In an article catching up with Svetlana Zasypkina several years ago by Gymnastics Greats, the young actress seems to have had trouble adjusting to the the real world too. Confused about where to place her energies, she had first continued acting, then started a course in gymnastics coaching, switched to veterinary sciences, then eventually to industrial business. One thing is for sure, she no longer wants anything to do with gymnastics. She told reporters that if she so much as sees it on the television, she turns it off.

Maria Zasypkina, on the other hand, must still have some love for the sport because she tried to come back, unsuccessfully unfortunately, after the her recovery. But considering the far worse outcomes of the handful of spinal injuries we have seen in modern gymnastics (Mukhina, Gomez, Sang Lan) I am sure Maria is grateful she got the chance to do gymnastics again at all. She apparently does not harbour such negative feelings for the sport considering she and a friend reportedly skipped university classes in 2005 just to visit and watch other Russian gymnasts at the 2005 Voronin Cup!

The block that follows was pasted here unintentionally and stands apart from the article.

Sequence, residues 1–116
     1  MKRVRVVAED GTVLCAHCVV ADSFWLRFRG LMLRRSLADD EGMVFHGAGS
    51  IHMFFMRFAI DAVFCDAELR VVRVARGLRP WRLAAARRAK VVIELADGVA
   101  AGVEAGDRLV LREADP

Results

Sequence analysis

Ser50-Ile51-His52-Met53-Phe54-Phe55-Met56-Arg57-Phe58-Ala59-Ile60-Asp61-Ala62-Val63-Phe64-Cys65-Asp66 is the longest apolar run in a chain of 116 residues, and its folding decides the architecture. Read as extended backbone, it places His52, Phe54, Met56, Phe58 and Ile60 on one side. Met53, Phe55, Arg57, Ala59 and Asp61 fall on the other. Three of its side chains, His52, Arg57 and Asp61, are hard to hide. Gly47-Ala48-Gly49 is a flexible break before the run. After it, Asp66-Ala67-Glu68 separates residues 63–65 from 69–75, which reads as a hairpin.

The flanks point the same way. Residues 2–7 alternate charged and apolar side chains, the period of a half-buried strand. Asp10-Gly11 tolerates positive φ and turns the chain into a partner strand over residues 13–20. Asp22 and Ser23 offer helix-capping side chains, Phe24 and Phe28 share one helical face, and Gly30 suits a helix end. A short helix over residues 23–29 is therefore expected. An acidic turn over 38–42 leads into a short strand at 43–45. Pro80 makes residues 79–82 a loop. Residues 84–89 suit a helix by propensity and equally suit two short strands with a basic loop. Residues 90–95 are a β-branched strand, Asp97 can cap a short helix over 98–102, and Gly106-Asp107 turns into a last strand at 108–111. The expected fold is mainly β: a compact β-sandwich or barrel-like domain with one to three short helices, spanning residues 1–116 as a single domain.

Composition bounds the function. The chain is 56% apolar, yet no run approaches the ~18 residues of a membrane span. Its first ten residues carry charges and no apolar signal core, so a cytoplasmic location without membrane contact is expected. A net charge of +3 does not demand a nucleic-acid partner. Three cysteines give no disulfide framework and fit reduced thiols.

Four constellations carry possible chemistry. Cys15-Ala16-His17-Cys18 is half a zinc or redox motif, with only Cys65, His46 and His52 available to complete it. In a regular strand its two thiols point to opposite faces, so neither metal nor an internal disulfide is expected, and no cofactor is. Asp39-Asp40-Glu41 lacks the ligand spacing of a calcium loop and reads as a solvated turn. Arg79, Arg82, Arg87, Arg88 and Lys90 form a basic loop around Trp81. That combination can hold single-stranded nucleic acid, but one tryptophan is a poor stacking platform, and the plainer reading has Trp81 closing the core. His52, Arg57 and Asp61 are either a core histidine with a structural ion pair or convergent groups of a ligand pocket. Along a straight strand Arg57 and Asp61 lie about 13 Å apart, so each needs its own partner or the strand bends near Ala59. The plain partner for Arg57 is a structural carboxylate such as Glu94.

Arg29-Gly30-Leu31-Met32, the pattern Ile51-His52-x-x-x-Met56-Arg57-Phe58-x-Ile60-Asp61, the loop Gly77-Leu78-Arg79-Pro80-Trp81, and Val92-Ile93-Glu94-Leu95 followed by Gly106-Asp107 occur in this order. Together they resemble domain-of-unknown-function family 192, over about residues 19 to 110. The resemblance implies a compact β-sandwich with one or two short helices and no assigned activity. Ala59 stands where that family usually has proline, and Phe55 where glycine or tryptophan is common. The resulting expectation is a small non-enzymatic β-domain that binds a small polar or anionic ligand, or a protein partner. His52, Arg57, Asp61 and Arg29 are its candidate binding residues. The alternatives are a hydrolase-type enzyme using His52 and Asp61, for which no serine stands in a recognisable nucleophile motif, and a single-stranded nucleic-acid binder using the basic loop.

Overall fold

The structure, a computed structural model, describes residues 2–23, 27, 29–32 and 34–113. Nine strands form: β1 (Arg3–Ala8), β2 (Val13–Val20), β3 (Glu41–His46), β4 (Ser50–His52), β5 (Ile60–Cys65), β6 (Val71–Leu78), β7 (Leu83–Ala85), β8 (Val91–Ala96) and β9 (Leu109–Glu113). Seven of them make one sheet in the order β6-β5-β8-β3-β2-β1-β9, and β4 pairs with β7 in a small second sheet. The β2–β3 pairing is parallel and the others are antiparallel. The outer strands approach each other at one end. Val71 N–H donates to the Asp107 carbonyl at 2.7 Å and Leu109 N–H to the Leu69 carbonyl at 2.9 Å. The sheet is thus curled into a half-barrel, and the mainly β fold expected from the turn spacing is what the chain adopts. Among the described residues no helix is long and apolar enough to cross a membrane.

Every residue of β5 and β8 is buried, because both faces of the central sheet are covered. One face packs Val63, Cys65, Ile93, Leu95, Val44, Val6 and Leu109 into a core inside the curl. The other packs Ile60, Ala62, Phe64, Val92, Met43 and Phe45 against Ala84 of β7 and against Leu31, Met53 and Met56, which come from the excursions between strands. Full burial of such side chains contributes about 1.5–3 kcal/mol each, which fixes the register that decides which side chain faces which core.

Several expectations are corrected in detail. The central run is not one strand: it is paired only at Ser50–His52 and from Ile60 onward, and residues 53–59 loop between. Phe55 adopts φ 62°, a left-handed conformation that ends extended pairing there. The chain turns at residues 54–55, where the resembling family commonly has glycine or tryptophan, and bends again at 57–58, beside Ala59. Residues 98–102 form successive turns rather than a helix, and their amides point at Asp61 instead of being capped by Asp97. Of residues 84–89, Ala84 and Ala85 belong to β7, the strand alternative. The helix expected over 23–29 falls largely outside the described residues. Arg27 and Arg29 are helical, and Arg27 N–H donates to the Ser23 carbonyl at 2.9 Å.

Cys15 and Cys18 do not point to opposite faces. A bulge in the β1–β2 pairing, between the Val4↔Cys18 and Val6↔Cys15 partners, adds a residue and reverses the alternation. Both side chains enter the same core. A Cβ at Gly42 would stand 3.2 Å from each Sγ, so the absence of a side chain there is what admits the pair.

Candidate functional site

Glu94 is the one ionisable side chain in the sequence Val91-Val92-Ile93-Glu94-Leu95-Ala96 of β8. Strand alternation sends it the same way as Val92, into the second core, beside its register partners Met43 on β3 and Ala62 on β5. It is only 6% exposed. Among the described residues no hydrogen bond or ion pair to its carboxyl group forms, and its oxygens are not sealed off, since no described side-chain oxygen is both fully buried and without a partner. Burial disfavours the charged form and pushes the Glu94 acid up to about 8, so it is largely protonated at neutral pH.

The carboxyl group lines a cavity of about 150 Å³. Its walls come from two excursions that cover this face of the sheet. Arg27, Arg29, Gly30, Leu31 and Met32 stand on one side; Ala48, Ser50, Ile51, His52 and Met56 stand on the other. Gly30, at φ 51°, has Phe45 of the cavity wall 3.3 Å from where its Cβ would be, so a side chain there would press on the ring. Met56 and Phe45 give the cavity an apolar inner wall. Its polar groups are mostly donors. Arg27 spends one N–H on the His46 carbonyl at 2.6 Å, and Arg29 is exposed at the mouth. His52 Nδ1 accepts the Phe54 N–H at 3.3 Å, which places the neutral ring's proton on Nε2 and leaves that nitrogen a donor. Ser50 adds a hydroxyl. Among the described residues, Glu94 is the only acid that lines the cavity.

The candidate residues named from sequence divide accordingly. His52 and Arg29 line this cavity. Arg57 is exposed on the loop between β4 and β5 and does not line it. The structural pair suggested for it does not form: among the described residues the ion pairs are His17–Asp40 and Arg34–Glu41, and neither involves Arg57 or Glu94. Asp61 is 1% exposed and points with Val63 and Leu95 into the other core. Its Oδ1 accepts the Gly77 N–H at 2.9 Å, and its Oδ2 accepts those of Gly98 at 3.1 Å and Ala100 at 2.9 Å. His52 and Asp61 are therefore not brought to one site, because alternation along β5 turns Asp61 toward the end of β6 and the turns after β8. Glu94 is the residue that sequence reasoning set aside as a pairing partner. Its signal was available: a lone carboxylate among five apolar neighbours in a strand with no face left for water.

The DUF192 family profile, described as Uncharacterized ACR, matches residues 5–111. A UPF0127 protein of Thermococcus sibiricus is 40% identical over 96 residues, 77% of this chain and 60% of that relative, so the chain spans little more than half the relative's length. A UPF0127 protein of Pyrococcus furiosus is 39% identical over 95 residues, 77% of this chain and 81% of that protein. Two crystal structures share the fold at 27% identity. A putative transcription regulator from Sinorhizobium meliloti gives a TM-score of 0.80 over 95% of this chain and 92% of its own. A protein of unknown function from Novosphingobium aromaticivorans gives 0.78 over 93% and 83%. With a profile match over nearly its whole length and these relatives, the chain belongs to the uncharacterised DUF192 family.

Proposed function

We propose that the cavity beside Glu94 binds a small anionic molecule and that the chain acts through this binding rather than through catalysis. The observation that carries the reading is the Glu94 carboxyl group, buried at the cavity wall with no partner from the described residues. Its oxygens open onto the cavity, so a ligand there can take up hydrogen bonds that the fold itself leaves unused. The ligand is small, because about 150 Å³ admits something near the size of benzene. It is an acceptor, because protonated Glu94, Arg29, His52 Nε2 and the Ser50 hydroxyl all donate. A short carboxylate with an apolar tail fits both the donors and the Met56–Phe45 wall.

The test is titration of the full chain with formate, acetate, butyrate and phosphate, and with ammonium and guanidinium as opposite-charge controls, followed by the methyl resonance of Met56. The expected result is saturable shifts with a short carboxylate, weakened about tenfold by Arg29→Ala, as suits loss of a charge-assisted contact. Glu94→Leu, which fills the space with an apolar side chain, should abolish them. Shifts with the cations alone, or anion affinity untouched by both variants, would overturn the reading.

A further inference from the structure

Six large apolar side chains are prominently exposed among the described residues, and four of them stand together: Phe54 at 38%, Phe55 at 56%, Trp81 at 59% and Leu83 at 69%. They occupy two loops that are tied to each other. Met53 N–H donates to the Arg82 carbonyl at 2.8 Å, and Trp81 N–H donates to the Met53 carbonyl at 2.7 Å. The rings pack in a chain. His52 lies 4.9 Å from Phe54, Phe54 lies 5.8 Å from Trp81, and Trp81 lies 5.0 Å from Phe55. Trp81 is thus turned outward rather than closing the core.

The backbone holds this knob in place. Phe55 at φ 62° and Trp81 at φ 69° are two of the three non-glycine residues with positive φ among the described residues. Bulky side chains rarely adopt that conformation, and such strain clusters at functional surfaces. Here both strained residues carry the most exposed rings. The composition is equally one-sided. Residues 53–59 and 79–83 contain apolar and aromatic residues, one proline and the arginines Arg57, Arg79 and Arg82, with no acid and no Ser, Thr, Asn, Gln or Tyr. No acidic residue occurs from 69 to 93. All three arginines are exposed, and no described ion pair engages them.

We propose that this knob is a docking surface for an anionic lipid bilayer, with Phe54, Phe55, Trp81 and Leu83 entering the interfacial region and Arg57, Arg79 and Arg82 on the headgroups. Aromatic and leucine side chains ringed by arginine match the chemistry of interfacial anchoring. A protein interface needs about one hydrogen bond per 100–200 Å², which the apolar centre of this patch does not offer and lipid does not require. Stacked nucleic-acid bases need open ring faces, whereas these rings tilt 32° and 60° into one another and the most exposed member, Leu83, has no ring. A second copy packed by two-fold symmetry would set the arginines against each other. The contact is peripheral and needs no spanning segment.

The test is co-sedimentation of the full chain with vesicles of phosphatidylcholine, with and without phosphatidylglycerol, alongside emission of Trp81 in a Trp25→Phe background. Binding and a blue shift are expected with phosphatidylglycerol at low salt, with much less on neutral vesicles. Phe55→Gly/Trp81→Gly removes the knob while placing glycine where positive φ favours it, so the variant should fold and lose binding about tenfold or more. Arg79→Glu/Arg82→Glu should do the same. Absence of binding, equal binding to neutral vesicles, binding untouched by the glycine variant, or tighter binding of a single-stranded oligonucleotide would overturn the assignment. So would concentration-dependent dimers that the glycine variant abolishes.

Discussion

It is interesting, I think, to look back on these films after Russian gymnastics has experienced and come out of such a crisis as a changed system. Things have cshifted markedly in over there and I think this is reflected in the two Zasypkina's opposite attitudes to the sport since leaving it. While Svetlana wants nothing to do with the soviet system that she felt used her up and spat her out, Maria, despite the magnitude of her accident and the negative light placed on it by the documentary, returned to the sport and continues to involve herself in it while pursuing her education. While many complain that the gymnastics isn't like it used to be from the Russians, life isn't what it used to be there either. And for that, I am grateful.

1 comment:

  1. Great post. It's interesting to note that Maria Zasypkina was coached by Marina Nazarova who is also the coach of Ksenia Semenova and Ksenia Afanasyeva. Apparently Maria is now coaching little children at their gym.